Thanks for your thoughtful comments.

      Keep up the good reading.

      Best regards.

      Ken Samples

  10. October 31, 2016 at 10:06 am

    Hi Ken. Thanks for this interesting article. I much prefer to read a paper book as well, and I like making it my own. However, I find I also need e-books, especially my Logos library. With the electronic library, I can search and find things I didn’t even know I had, and it all takes up only as much space as my laptop. Then, if I find something I really want to chew on, and it isn’t too long, I print it out to read! Keep up the good work, I love your podcast.

    • November 1, 2016 at 9:35 am

      Eric:

      Greetings.

      Keep up the good reading (print and e-books).

      Thanks for the kind words about the podcast.

      Ken Samples

  11. January 9, 2017 at 12:29 pm

    Kenneth, you may have seen the recent reports that printed book sales have risen in the last several years:

    http://www.publishersweekly.com/pw/by-topic/industry-news/bookselling/article/72450-print-book-sales-rose-again-in-2016.html.

    • January 16, 2017 at 11:56 am

      Daniel:

      Greetings.

      Thanks for the link. I’m glad to hear it!

      Happy New Year!

      Ken Samples

  12. January 9, 2017 at 1:19 pm

    The issue of insomnia from certain wavelengths of light emitted from electronic devices at night is another aspect supporting the use of printed books, particularly if one wants to read prior to going to bed. Subjectively, I’m sleeping better having turned off my iPad and iPhone prior to going to sleep. I believe the light wavelengths involved are with smart phones, tablets, computer screens, and TV’s. If one is determined to read an electronic device to read prior to going to sleep, a plain black-and-white Kindle is probably the safest to avoid insomnia. So yet again another point in favor of printed books: It’s healthier for you!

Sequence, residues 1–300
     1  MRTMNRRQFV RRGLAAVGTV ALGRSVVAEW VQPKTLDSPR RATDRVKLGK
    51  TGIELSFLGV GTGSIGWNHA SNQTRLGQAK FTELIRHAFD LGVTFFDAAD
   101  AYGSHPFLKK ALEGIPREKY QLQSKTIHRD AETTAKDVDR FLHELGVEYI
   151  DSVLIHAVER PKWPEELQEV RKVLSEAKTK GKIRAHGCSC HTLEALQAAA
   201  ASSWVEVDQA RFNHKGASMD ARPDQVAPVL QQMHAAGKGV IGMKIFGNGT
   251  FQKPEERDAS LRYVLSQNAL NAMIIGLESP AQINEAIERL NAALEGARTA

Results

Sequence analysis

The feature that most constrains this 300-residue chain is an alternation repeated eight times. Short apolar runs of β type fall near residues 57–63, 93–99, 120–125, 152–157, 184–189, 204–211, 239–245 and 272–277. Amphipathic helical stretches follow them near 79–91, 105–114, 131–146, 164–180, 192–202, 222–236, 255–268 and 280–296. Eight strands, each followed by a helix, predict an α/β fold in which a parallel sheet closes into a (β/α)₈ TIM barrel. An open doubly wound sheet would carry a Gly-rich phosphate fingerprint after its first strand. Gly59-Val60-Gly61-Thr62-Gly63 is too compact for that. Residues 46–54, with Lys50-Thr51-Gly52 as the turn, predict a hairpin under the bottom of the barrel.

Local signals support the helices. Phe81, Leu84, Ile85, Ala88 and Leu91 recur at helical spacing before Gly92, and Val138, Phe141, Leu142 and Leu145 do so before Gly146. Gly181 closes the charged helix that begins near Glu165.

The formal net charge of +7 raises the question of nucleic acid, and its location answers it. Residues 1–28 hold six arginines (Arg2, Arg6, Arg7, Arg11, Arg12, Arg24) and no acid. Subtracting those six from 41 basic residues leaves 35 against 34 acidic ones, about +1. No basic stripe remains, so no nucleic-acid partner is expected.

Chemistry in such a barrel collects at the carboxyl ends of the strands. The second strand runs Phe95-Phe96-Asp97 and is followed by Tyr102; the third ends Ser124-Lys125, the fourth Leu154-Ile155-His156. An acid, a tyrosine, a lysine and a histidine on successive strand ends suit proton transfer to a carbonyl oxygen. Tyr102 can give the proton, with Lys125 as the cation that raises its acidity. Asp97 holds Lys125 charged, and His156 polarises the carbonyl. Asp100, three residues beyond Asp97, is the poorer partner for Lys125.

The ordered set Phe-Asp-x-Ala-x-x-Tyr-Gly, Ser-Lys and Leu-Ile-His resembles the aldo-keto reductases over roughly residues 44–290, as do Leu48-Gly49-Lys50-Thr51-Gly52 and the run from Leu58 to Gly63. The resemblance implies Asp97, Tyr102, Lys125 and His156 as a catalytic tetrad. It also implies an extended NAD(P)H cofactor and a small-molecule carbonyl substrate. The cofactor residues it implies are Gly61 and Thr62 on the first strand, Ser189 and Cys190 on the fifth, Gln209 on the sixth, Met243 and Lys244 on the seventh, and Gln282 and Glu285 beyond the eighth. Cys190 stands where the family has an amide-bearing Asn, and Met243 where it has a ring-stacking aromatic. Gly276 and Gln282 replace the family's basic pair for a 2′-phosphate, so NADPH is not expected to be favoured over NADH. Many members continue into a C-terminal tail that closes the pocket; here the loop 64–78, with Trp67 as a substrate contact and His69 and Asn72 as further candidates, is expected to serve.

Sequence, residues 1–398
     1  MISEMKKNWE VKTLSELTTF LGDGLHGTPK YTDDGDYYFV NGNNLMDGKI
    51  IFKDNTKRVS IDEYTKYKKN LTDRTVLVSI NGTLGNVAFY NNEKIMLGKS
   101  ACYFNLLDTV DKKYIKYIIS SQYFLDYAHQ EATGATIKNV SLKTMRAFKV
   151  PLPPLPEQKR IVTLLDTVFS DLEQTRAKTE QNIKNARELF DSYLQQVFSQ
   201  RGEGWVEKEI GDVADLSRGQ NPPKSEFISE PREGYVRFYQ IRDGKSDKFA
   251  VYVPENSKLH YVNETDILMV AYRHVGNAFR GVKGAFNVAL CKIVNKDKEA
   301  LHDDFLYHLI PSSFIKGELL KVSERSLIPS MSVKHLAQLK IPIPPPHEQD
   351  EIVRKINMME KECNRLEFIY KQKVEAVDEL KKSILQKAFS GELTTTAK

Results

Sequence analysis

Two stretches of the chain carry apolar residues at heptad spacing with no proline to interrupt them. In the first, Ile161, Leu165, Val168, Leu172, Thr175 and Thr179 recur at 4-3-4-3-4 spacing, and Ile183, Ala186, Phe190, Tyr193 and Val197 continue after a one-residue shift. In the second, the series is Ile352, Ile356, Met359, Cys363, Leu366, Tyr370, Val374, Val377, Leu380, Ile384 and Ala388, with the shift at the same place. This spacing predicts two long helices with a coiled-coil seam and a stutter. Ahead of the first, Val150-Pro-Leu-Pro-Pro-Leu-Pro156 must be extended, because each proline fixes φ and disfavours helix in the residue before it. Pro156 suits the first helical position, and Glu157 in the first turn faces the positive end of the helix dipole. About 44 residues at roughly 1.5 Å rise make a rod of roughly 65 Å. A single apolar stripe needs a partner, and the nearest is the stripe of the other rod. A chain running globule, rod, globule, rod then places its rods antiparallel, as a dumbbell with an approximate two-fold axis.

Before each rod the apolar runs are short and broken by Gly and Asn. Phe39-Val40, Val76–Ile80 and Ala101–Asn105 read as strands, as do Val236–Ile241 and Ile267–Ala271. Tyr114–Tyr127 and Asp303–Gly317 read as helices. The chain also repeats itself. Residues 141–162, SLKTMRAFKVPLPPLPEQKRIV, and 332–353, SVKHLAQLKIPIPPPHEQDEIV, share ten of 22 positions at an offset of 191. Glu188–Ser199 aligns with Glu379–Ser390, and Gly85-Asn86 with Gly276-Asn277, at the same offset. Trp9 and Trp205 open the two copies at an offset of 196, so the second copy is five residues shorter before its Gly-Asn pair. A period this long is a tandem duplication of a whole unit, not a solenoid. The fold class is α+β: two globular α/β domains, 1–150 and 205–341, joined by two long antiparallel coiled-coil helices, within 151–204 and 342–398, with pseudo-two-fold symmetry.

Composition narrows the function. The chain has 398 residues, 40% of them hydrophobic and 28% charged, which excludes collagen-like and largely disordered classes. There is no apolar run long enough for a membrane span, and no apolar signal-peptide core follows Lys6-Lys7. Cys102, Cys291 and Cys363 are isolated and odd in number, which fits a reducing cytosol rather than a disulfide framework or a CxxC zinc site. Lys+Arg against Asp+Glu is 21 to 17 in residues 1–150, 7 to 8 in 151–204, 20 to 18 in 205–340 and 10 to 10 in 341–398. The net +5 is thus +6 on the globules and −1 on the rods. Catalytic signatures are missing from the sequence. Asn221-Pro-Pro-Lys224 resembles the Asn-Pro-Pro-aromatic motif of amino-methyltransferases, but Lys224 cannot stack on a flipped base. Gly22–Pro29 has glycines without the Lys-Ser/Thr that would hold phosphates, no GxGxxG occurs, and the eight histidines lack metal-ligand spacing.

http://bmcneurosci.biomedcentral.com/articles/10.1186/1471-2202-10-105

    • January 16, 2017 at 11:58 am

      Good points, Daniel.

      Thanks.

      Ken Samples

  13. January 9, 2017 at 9:17 pm

    Hi Ken. We’ve interacted on this subject before, and I have to say, almost all your points strike me as red-herrings, when the medium is an e-Reader, as opposed to a tablet or computer device. And the Kindle apps replicate nearly exactly the experience of the eReader.